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Tom Cech Interview - How does a scientist know that what he or she has found is correct?

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Yes, that’s an excellent question. How do we know we’re correct? Well, of course you repeat an experiment several times... ...to make sure that the result is reproducible. That turns out to be not enough... ...because there could be an inherent mistake in an experiment and every time you repeat it, if you repeat it exactly the same way, you make exactly that same mistake... ...and then you get the same result, so... ...although we repeat our experiments, that’s insufficient. Ultimately what happens is that you try to find a whole different approach to... ...validate what you think is happening. We used to have a rule in our laboratory that you need to find three independent, completely different kinds of experiments to test an idea. Sometimes it’s hard to find three, so we settle for two. But one usually is not enough. And then, ultimately what happens is that you publish your... ...information and your explanation in a scientific journal... ...and then, if it is exciting to other people, they will try to extend your work in directions that are interesting to them, and that’s when you find out whether your results are correct or not, because if other people extend them in new directions and can build on them, then everyone says: “That work was really well done – important work “. If other people can’t extend it, then they maybe try to just repeat your experiments. If they can’t repeat it, it doesn’t necessarily mean that you were dishonest... ...or that there was any fraud involved, but if the experiment is not repeatable, for whatever reason, people just quit thinking about it. They just push it to the side, so those things... ...may never get corrected in the journal, but still they don’t become part of the fabric of science... ...and so the process has a wonderful self-correcting ability... ...that those things that are right get amplified and extended in many directions, ...and then that validates them. Those things that were wrong, or sloppy or perhaps in a few cases even dishonest, those things are not extendable by independent laboratories... ...so they get pushed sort of under the rug and they don’t do anyone any harm anymore, because nobody is using them as the basis for thinking about... ...how the human body works, for example.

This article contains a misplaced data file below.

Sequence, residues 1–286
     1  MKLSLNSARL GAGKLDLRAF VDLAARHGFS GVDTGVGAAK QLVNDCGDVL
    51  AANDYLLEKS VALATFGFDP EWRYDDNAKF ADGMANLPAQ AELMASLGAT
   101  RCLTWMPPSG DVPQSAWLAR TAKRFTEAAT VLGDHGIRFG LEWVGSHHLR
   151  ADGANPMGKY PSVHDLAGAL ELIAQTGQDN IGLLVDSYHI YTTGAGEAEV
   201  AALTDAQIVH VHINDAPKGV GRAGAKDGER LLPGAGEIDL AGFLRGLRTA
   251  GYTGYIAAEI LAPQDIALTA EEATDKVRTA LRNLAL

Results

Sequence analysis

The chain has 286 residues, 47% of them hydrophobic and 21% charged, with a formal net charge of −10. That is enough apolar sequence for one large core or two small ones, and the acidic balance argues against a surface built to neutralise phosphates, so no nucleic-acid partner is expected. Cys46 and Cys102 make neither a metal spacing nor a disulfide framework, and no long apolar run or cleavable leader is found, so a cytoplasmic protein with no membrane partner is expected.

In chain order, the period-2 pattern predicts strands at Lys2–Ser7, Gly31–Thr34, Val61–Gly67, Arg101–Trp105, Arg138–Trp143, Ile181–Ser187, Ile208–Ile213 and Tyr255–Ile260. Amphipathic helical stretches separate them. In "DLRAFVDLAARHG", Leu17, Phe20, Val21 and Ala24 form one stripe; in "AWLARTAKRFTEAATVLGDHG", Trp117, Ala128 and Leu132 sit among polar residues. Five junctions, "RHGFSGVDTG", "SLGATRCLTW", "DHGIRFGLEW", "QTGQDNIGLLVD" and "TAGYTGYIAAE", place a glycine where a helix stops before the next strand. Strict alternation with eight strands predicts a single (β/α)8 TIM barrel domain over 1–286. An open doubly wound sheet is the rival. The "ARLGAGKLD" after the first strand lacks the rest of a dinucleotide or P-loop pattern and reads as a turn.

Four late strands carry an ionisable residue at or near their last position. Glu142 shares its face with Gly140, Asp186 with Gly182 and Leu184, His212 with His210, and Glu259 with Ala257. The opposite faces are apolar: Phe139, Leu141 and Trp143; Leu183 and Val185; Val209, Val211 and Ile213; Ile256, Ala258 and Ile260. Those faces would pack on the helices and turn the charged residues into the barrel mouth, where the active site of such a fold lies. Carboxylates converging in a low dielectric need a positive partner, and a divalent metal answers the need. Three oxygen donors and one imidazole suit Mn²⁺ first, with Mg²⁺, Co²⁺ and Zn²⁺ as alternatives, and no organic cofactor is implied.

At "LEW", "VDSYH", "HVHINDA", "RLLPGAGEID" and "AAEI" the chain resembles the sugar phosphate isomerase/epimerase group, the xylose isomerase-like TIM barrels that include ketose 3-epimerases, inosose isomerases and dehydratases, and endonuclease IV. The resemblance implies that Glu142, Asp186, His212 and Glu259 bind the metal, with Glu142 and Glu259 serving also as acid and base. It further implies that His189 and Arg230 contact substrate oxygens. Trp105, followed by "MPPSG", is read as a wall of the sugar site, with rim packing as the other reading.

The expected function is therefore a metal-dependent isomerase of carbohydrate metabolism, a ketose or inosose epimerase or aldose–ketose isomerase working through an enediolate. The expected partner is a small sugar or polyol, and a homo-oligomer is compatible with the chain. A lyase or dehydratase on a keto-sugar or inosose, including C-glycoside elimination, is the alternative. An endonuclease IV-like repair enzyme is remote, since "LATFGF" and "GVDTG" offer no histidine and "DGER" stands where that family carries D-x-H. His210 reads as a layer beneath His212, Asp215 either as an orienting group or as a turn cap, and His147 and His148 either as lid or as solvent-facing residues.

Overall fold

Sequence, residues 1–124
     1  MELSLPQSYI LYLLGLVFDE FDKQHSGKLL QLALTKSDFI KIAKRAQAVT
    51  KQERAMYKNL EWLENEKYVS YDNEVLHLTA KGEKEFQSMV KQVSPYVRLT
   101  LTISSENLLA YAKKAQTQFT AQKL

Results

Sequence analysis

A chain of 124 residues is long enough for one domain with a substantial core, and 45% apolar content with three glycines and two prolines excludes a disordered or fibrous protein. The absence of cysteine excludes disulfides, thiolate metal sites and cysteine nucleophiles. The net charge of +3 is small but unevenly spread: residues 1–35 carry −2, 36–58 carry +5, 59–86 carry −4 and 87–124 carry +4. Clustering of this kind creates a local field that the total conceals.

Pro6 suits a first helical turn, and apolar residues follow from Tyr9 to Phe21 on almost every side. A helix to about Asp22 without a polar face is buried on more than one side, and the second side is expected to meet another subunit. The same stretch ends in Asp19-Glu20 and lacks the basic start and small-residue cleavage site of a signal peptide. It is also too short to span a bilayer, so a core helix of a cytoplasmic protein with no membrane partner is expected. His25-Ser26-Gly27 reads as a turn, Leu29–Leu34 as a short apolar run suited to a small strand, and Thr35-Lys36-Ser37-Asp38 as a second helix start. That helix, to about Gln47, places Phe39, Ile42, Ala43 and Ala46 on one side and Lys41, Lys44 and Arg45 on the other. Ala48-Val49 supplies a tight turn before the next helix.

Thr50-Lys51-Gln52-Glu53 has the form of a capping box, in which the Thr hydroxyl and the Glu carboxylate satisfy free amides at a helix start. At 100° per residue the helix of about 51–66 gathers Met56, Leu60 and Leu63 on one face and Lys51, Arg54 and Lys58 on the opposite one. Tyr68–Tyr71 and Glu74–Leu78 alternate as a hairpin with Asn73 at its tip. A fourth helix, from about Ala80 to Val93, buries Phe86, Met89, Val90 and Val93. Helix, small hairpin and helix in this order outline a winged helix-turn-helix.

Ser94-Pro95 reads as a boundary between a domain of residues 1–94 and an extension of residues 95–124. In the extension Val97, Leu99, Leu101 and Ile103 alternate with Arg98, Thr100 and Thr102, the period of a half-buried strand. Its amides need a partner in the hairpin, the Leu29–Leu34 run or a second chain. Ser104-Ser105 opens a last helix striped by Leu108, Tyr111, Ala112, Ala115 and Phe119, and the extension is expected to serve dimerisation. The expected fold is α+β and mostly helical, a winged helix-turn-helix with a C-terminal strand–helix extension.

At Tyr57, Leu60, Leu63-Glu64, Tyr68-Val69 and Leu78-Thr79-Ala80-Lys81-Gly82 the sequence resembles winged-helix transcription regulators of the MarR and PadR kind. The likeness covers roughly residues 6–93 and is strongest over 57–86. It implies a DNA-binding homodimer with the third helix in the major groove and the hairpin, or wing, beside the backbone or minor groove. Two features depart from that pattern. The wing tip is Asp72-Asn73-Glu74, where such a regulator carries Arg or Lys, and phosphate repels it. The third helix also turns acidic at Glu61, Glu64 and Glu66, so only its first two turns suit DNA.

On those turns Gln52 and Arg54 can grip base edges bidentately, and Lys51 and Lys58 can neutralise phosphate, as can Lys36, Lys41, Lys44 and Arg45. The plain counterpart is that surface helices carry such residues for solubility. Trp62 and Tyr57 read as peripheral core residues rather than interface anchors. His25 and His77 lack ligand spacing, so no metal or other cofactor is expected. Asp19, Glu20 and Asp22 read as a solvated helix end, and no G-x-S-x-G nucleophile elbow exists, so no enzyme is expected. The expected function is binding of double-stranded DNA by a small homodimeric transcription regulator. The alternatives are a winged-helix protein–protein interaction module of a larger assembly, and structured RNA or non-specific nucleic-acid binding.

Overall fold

Video Details

Duration: 2 minutes and 50 seconds
Country: Sweden
Language: English
Producer: MoleClues TV
Director: Per Thoren
Views: 1,639
Posted by: locumele on Sep 24, 2009

Nobel Prize winner Tom Cech interviewed for MoleClues.org

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